What is the U.S. Census?
The U.S. Census is a count of the entire US population. This information is used to properly draw the lines for congressional districts and distribute federal government funds. The mandate to properly enumerate the entire US population was written in the US Constitution by the founding fathers. Article I of Section 2 of the US Constitution states, "Representatives and direct taxes shall be apportioned among the several states which may be included within this union, according to their respective numbers . . . The actual enumeration shall be made within three years after the first meeting of the Congress of the United States, and within every subsequent term of ten years, in such manner as they shall by law direct."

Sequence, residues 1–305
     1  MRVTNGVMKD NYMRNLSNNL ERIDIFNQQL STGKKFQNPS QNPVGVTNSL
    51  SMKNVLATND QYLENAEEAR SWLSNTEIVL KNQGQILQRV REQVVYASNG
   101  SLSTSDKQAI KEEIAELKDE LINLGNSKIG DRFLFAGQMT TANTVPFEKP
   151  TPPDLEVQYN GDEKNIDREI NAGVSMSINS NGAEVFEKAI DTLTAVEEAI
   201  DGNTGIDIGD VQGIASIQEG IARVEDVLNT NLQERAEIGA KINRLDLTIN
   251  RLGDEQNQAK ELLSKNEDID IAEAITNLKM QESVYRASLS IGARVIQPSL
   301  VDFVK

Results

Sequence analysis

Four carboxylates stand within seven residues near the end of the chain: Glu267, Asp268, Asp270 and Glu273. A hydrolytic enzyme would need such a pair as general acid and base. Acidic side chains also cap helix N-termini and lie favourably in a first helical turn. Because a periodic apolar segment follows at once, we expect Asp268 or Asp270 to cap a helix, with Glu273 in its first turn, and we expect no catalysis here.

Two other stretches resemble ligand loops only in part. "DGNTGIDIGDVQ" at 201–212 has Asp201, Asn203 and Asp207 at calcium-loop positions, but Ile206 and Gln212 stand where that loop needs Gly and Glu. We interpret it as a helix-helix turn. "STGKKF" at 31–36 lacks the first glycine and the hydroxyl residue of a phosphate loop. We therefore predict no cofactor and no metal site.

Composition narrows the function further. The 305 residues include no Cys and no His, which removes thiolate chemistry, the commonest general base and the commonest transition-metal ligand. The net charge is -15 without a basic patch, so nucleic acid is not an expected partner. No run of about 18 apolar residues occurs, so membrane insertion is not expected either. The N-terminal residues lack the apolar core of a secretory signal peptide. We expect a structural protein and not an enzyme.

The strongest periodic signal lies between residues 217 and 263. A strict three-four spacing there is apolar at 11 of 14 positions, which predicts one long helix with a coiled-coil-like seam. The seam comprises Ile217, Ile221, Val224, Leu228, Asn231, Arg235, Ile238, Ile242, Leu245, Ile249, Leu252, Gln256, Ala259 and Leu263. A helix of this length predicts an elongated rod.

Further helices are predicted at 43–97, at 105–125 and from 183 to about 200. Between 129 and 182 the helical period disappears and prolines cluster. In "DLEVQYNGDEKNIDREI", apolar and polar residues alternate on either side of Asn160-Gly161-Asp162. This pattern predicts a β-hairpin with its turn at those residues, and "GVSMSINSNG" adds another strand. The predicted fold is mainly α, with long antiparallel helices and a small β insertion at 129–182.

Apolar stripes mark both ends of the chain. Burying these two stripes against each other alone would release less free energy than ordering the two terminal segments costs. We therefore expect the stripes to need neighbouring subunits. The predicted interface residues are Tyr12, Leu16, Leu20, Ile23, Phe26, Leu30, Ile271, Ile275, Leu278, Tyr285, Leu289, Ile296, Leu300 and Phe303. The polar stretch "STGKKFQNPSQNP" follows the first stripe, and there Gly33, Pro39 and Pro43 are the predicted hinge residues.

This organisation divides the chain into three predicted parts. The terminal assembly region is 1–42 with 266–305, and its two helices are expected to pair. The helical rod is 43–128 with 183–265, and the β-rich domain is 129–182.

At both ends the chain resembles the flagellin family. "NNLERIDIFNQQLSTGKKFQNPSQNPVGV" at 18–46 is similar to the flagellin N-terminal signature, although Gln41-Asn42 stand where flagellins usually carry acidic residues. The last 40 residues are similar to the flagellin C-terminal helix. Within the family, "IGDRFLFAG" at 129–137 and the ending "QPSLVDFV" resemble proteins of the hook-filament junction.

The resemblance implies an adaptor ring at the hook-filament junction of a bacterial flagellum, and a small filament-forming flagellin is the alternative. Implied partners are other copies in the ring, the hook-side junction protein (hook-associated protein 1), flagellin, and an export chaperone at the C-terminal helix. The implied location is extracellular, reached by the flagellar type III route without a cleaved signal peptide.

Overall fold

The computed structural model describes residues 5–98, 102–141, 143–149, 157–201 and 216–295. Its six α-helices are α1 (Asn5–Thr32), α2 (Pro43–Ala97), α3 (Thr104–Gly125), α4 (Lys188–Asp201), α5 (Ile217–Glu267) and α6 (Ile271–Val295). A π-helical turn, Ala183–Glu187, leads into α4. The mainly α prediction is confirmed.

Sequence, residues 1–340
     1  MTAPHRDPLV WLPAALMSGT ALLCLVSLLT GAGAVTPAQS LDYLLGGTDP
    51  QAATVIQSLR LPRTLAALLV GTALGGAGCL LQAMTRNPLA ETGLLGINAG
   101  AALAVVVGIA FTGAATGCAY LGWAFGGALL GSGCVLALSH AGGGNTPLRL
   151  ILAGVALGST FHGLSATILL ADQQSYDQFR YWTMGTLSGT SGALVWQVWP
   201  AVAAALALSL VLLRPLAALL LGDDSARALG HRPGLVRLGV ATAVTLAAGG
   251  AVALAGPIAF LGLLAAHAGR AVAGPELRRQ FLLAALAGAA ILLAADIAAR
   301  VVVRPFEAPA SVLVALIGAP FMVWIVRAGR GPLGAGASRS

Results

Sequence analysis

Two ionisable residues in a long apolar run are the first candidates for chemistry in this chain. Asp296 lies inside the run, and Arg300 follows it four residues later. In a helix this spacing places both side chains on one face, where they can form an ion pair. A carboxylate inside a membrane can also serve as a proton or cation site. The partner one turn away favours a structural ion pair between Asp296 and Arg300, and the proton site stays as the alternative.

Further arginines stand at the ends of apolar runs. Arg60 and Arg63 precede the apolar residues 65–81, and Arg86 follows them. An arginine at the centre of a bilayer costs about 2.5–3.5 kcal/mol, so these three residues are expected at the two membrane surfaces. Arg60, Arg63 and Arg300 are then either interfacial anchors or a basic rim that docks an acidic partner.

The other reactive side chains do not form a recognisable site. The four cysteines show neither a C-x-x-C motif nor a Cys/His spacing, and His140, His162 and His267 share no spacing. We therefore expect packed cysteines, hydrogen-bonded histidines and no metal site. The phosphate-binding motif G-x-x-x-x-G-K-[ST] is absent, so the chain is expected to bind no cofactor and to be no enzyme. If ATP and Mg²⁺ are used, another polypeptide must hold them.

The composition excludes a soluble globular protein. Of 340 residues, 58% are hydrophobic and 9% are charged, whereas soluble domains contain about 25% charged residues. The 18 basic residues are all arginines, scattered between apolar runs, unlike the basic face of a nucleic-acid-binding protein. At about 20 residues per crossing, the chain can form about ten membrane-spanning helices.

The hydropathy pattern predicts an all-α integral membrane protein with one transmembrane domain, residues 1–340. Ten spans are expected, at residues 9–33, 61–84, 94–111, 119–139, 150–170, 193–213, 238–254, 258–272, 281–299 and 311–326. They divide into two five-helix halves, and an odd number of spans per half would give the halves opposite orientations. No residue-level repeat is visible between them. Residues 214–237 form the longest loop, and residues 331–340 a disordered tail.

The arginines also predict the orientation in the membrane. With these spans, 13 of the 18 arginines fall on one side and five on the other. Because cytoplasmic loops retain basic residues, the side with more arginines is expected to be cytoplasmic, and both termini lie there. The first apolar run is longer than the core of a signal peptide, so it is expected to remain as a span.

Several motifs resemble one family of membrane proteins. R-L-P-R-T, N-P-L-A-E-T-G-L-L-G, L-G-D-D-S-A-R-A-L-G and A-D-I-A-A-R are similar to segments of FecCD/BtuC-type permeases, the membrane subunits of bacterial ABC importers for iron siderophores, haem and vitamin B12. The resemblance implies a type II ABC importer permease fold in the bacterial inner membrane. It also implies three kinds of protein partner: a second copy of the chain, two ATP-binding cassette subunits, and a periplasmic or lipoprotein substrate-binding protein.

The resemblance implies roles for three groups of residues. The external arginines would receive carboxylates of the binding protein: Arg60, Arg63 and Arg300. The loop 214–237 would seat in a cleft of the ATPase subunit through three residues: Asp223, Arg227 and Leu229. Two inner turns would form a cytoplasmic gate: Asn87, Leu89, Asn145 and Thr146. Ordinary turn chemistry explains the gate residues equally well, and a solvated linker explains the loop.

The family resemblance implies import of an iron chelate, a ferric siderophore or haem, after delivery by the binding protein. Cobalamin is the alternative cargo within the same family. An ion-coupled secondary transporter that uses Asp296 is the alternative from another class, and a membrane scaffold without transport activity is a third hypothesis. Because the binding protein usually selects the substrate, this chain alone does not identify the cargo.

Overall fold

The very first US Census took place in 1790 and had only 6 questions. Now the US Census has many more questions and data collection is not limited to every 10 years. The Census Bureau conducts both the Decennial Census, an exact count of the US population every 10 years, and the American Community Survey, a sample of the US population every year. The data from the US Census Bureau has many interesting applications for research and discovery. Once census data is properly processed it is published by the government for free online for anyone to use.